As someone with a hip or two that are threatening to be arthritic, I’m glad of the sidesaddle revival as in the future it might be the only way I can ride a horse. Barbara Minneci of Belgium has been flying the flag for sidesaddle in paralympic dressage with her beautiful coloured cob, Barilla. There’s more about earlier para-sidesaddle riders in the list below.

How to Spoil a Horse

“The thing is this,” said Merrylegs. “Ginger has a bad habit of biting and snapping; that is why they call her Ginger, and when she was in the loose box she used to snap very much. One day she bit James in the arm and made it bleed, and so Miss Flora and Miss Jessie, who are very fond of me, were afraid to come into the stable. They used to bring me nice things to eat, an apple or a carrot, or a piece of bread, but after Ginger stood in that box they dared not come, and I missed them very much. I hope they will now come again, if you do not bite or snap.”

I told him I never bit anything but grass, hay, and corn, and could not think what pleasure Ginger found it.

“Well, I don’t think she does find pleasure,” says Merrylegs; “it is just a bad habit; she says no one was ever kind to her, and why should she not bite? Of course, it is a very bad habit; but I am sure, if all she says be true, she must have been very ill-used before she came here. John does all he can to please her, and James does all he can, and our master never uses a whip if a horse acts right; so I think she might be good-tempered here.”

Black Beauty, by Anna Sewell (1877).

… horses trained exclusively with negative reinforcement appear to make negative associations with humans, anticipating constraints they can’t control, said Lesimple. Certain training techniques and positions – as well as poor equitation style, especially of novice riders – can lead to chronic pain. Horses with chronic back pain showed more signs of depression, aggression, or learned helplessness (when they seem to “check out” of the environment that they have come to perceive as negative), she said.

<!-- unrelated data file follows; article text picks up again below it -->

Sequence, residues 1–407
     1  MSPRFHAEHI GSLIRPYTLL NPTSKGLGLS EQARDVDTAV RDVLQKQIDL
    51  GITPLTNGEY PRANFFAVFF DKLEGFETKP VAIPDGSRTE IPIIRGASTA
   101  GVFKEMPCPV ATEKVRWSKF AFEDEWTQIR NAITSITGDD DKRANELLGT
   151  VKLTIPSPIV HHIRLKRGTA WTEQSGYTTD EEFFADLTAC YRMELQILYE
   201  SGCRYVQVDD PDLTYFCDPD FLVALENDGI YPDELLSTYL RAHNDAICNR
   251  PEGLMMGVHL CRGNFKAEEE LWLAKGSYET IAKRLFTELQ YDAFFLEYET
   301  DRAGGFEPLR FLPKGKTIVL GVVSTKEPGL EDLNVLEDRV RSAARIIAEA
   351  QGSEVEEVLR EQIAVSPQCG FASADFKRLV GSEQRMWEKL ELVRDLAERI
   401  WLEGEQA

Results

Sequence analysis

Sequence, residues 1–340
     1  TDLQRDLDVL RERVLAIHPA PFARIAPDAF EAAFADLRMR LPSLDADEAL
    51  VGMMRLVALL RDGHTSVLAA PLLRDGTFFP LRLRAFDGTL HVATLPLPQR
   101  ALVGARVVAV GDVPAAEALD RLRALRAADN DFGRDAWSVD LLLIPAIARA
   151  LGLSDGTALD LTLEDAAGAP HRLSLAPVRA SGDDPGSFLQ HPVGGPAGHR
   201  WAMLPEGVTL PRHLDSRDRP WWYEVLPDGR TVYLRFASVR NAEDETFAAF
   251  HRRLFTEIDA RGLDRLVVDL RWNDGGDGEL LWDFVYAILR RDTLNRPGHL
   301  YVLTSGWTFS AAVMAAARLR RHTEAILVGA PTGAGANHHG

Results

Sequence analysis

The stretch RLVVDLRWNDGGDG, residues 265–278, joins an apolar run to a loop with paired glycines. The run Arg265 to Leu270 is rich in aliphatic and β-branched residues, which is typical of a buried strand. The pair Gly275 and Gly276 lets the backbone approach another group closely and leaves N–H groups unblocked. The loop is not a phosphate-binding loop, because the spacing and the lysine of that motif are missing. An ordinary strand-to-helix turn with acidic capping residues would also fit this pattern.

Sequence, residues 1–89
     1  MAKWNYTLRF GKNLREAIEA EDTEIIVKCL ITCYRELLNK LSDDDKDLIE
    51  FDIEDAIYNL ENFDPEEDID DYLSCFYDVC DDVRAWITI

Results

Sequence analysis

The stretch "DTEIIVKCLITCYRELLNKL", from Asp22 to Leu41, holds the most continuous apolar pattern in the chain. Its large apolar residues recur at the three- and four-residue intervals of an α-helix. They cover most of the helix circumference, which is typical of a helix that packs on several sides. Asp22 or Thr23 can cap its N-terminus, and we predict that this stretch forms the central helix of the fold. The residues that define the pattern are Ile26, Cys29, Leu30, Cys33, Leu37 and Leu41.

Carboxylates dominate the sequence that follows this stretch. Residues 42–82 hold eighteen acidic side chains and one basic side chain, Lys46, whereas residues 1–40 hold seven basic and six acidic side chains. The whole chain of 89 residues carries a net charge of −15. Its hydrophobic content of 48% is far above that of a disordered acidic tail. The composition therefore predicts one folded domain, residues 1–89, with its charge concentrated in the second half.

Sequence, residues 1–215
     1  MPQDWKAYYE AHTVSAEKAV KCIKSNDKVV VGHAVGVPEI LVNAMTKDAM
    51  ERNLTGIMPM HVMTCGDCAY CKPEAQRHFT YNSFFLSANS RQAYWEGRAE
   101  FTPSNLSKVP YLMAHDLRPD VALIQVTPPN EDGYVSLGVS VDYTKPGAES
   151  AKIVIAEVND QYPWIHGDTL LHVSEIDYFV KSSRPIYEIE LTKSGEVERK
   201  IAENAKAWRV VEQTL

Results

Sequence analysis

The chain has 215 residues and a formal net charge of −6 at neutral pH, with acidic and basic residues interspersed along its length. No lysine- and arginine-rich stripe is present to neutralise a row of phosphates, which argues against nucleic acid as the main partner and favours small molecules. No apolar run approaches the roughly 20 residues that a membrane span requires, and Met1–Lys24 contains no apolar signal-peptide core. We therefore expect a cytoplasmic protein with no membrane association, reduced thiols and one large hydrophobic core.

“From their very earliest ages, horses develop an ‘appreciation’ of humans which is more or less positive, meaning that their perception of humans is associated with positive or negative emotions, but it is rarely neutral,” [French researcher Dr Clémence] Lesimple said. While the research provides a strong link between poor welfare and negative interactions with humans, there is a positive side to the research, said Lesimple. Improving a horse’s welfare can not only improve a horse’s relationship with humans, but when started from the beginning it can help ensure a lifetime of positive perceptions of humans on the ground, in management settings, and under saddle.

Study: Human Interaction Shapes Horses’ Negative Emotions, by Christa Lesté-Lasserre, The Horse.com, May 2015.

Equitation Tips from Medieval Germany

Codex Manesse, UB Heidelberg, Cod. Pal. germ. 848, fol. 413v: Meister Rumslant. Between 1305 and 1315. Via Wikicommons, added to web by University of Heidelberg.

Codex Manesse, UB Heidelberg, Cod. Pal. germ. 848, fol. 413v: Meister Rumslant. Between 1305 and 1315. Via Wikicommons, added to web by University of Heidelberg.

Thank you to Justin E H Smith for his translation of this “Blessing for Horses,” a twelfth-century German poem included in the Codex Manesse.

A man went his way ·
dragging his steed ·
There my lord met him ·
With all of his men ·

How · is it going · man?
Why aren’t you riding?
How can I ride when ·
my steed is all stiff?

Just push at his flank, man ·
while whispering to him ·
he’ll step with his right foot ·
and get along good ·

And the original Middle High German:

Man gieng after wege ·
zoh sin ros in handon ·
do begagenda imo min trohtin
mit sinero arngrihte ·

wes · man · gestu ·
zu ne ridestu ·
waz mag ih riten ·
min ros ist errehet ·

nu ziuhez da bi fiere ·
tu rune imo in daz ora ·
drit ez an den cesewen fuoz ·
so wirt imo des erreheten buoz ·